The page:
How smart can a micron-sized bag of chemicals be? How can an artificial orreal cell make inferences about its environment? From which kinds ofprobability distributions can chemical reaction networks sample? We begintackling these questions by showing four ways in which a stochastic chemicalreaction network can implement a Boltzmann machine, a stochastic neural networkmodel that can generate a wide range of probability distributions and computeconditional probabilities. The resulting models, and the associated theorems,provide a road map for constructing chemical reaction networks that exploittheir native stochasticity as a computational resource. Finally, to show thepotential of our models, we simulate a chemical Boltzmann machine to classifyand generate MNIST digits in-silico.
Deshpande A, Gopalkrishnan M, Ouldridge TE, et al., 2017, Designing the Optimal Bit: Balancing Energetic Cost, Speed and Reliability, Proceedings of the Royal Society A: Mathematical, Physical & Engineering Sciences, Vol: 473, ISSN: 1364-5021
We consider the technologically relevant costs of operating a reliable bitthat can be erased rapidly. We find that both erasing and reliability times arenon-monotonic in the underlying friction, leading to a trade-off betweenerasing speed and bit reliability. Fast erasure is possible at the expense oflow reliability at moderate friction, and high reliability comes at the expenseof slow erasure in the underdamped and overdamped limits. Within a given classof bit parameters and control strategies, we define "optimal" designs of bitsthat meet the desired reliability and erasing time requirements with the lowestoperational work cost. We find that optimal designs always saturate the boundon the erasing time requirement, but can exceed the required reliability timeif critically damped. The non-trivial geometry of the reliability and erasingtime-scales allows us to exclude large regions of parameter space assub-optimal. We find that optimal designs are either critically damped or closeto critical damping under the erasing procedure.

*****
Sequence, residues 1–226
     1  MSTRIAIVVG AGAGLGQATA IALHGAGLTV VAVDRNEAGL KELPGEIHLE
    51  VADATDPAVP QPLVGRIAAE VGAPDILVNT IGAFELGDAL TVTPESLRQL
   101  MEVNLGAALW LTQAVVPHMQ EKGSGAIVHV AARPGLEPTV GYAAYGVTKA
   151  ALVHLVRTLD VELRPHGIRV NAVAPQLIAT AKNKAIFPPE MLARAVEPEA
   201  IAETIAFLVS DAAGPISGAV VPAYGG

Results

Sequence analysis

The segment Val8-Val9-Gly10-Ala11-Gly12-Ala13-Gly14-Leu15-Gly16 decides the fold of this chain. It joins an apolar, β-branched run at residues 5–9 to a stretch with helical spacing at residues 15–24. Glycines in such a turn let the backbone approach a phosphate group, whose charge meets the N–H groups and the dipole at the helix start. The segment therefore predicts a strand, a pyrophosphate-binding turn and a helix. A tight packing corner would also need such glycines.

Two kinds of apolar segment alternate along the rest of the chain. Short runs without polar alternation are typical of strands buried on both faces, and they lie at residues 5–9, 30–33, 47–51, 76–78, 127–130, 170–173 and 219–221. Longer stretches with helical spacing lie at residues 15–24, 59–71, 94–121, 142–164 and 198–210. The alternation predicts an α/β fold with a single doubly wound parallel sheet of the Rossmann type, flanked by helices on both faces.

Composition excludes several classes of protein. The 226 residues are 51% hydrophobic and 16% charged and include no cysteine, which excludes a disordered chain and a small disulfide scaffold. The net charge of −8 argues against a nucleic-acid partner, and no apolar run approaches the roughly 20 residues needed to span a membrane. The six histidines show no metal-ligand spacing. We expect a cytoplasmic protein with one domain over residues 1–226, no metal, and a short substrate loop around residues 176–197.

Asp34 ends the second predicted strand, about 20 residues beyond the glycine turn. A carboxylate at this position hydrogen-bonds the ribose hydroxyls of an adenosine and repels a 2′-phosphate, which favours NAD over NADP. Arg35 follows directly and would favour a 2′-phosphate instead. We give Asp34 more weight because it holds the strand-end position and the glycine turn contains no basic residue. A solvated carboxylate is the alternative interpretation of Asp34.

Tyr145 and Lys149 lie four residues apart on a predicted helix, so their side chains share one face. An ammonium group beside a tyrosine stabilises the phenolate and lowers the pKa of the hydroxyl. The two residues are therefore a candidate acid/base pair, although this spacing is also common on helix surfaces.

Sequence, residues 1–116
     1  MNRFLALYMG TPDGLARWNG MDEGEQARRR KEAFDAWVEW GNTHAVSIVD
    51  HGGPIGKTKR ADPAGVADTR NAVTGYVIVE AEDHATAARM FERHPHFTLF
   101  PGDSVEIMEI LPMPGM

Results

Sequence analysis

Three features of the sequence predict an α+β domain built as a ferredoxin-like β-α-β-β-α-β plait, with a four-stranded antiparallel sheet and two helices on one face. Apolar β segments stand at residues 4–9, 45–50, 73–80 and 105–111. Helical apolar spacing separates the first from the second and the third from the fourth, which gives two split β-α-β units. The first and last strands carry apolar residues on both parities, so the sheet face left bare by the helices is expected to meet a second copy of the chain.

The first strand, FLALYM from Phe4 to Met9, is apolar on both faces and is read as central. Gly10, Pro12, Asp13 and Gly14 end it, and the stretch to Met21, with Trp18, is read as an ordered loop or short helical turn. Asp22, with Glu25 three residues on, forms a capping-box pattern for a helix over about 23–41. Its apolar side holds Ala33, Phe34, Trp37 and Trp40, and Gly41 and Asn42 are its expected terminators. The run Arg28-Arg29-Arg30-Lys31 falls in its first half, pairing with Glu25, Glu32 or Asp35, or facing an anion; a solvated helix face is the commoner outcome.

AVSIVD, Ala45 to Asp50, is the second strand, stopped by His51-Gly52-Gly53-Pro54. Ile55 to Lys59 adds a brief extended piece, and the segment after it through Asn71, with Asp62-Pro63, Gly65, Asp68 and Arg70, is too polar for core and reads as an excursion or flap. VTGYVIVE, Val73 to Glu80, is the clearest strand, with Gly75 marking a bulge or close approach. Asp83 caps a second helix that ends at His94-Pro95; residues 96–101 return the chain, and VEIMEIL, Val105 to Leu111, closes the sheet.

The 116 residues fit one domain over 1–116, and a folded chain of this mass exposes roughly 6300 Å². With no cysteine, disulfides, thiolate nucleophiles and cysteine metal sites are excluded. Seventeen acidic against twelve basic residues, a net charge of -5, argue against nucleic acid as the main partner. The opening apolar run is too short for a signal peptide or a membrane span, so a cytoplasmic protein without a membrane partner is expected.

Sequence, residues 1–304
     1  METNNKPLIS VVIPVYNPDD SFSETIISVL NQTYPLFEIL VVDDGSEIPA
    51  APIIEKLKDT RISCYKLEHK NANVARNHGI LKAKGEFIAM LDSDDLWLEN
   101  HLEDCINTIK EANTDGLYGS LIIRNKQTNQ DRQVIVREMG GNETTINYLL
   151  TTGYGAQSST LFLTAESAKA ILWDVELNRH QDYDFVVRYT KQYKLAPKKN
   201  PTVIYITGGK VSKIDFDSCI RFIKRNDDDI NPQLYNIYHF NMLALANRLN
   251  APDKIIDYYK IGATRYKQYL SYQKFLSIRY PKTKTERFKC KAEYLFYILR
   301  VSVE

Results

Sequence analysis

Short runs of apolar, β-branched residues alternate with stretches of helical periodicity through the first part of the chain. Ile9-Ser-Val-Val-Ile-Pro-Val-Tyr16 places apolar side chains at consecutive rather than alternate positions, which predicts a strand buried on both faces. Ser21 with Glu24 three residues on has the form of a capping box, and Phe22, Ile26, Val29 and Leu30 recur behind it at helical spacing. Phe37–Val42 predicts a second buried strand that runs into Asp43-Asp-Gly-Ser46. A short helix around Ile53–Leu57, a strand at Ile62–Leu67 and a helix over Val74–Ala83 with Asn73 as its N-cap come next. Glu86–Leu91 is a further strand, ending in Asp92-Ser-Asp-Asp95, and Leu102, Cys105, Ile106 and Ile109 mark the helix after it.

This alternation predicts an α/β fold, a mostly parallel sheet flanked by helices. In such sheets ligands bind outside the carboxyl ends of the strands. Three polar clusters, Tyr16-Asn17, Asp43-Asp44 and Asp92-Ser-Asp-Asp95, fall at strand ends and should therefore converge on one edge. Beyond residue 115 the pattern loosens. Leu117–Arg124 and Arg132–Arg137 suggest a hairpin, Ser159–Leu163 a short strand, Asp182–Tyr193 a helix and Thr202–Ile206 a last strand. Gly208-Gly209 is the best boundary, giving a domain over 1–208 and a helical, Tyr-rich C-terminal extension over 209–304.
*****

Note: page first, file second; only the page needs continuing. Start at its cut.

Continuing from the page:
Aryaman J, hoitzing H, burgstaller J, et al., 2017, Mitochondrial heterogeneity, metabolic scaling and cell death, Bioessays, Vol: 39, ISSN: 1521-1878
Heterogeneity in mitochondrial content has been previously suggested as a major contributor to cellular noise, with multiple studies indicating its direct involvement in biomedically important cellular phenomena. A recently published dataset explored the connection between mitochondrial functionality and cell physiology, where a non-linearity between mitochondrial functionality and cell size was found. Using mathematical models, we suggest that a combination of metabolic scaling and a simple model of cell death may account for these observations. However, our findings also suggest the existence of alternative competing hypotheses, such as a non-linearity between cell death and cell size. While we find that the proposed non-linear coupling between mitochondrial functionality and cell size provides a compelling alternative to previous attempts to link mitochondrial heterogeneity and cell physiology, we emphasise the need to account for alternative causal variables, including cell cycle, size, mitochondrial density and death, in future studies of mitochondrial physiology.